Ethan Miller/Getty Images News/Getty Images

How To See The 2017 Leonids Meteor Shower This Weekend

By

What up sky-nerds? If you're a fan of astronomy you might have noticed a number of invitations circling the internet for a first row ticket to a celestial event set to take the sky stage this weekend called the Leonids meteor shower. If you didn't know, now you do. So if you're wondering how to see the Leonids meteor shower 2017, we're here to help you figure out all the details. You could even throw a little viewing party.

The Leonids meteor shower is actually a yearly event, as dependable as any holiday like Thanksgiving or Christmas. It comes annually around Nov. 17 or 18. Whenever Earth crosses through the orbital path of a comet called Temple- Tuttle (seriously a very cute name for a comet, amirite?) the debris from the comet enters into our planets atmosphere and creates this celestial fireworks show. It's gorgeous to watch, and this year, there's no moon to draw light away from the view, making it even brighter. Sounds perfect, right? Invite over your friends, or some guy who you're trying to impress with your epic knowledge of meteor showers, and sit down to enjoy the show. Here's everything you need to know to get the best viewing experience of the Leonids Meteor shower of 2017.

The Best Time To View

Ethan Miller/Getty Images News/Getty Images

The Leonids meteor shower is predicted to reach its absolute peak (ahem, it's climax, if you wanna get sexy with it) during the pre dawn hours of Friday, Nov. 17 and 18. That means basically that from midnight to dawn on Friday or Saturday are the best times to watch. If you missed last night, you still have tonight to enjoy the show, because some sources are reporting the peak time to view is Saturday Nov. 18 at 2:00 A.M.

Where To View

Giphy

As for the best views of the meteor shower, you can always try to get a clear view from the city, but the surrounding light pollution can make it tough to view the stars, let alone a meteor shower. So the best plan is to drive far enough out of the city to go check out the meteors from the side of a highway somewhere in the country. Bring a blanket, a warm ass jacket, and two thermoses of hot chocolate cider or something and cuddle up on the hood to take in the view.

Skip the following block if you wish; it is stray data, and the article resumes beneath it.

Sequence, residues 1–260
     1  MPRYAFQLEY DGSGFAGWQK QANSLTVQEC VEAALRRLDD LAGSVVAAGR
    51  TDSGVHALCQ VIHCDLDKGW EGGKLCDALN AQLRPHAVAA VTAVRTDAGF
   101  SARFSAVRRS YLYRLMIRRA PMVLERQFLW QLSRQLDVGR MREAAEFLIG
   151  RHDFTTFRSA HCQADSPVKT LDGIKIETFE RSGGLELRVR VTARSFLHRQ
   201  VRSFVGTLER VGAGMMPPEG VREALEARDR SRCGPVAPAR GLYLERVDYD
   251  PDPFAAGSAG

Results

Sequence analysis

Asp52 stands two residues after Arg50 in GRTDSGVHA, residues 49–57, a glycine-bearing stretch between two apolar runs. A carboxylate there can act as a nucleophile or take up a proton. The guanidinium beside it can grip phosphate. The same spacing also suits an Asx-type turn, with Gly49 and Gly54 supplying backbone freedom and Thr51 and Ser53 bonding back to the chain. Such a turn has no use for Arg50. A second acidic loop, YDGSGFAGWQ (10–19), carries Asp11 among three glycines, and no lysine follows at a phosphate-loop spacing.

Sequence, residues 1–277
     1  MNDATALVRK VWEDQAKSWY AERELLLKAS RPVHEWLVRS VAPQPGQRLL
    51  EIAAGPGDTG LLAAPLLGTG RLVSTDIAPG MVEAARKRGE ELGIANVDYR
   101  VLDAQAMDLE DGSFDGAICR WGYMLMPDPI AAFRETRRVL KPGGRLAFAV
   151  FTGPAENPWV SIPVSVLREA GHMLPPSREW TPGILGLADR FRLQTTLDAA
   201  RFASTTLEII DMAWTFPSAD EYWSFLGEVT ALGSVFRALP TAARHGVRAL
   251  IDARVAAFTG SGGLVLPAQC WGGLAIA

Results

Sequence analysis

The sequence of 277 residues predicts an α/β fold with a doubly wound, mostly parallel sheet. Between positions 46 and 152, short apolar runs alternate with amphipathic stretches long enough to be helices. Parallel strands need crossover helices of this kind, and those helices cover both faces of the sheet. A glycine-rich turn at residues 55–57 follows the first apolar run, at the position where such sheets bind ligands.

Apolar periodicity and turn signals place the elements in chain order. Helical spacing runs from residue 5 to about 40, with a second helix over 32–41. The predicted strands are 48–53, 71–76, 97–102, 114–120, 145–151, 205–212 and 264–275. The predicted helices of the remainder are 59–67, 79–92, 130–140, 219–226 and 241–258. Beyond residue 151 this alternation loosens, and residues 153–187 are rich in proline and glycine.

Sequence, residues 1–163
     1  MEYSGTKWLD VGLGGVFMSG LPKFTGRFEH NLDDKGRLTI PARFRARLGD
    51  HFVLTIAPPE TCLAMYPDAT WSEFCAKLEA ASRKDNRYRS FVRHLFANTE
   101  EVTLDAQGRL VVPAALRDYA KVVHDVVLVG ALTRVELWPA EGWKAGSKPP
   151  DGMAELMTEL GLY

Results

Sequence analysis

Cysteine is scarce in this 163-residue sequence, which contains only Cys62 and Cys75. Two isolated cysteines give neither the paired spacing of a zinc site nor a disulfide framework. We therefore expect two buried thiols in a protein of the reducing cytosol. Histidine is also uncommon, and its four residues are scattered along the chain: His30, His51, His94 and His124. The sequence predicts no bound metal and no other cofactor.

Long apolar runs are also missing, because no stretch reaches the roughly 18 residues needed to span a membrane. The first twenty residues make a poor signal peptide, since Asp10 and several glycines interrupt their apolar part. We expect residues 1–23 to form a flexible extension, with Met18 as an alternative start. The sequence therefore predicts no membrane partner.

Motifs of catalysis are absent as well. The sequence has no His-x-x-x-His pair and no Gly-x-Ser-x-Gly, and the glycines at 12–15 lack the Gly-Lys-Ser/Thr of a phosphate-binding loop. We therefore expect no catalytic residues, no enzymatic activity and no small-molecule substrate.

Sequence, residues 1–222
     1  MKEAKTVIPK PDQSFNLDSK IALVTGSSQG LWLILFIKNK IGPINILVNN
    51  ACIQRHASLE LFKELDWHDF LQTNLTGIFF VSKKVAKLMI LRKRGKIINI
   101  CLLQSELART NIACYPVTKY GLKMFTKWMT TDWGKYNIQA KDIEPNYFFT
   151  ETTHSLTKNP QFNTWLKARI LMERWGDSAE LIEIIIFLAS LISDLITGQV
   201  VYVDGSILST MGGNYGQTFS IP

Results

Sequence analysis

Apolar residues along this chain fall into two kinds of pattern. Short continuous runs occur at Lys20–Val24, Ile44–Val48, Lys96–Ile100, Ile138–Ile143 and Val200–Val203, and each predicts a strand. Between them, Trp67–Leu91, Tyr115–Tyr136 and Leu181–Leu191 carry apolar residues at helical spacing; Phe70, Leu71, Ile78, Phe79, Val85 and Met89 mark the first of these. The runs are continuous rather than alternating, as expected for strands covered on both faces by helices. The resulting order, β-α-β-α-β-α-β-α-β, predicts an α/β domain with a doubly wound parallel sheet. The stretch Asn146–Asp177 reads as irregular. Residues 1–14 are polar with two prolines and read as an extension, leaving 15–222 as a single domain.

If that doesn't do it for you, you can also check out the best places to stargaze in your city here.

Which Direction Do I Look?

Giphy

Well, This is a real dumb question, because obviously the answer is "Up, moron," but if you're talking about which direction in the sky, I respect that. You're just trying to cover your bases and be thorough. The simple answer though, is that in all annual meteor showers, the meteors will appear in all parts of the sky, so you won't need the exact coordinates like some kind of astronomical Christopher Columbus.

A Little Backstory To Impress Your Pals

Giphy

Anyone who has their zodiac sign in Leo will like this, because it's about them: the Leonids Meteor Shower got it's name because the point in the sky they radiate from is the constellation Leo, shooting outward from the lions mane. Again, you won't need to locate the constellation of Leo in the sky in order to view the shower, because you can see the meteors in all parts of the sky. However, if you trace back to the point they're radiating from (also known as the radiant point) you might be able to trace the constellation of Leo in the sky.

Happy viewing!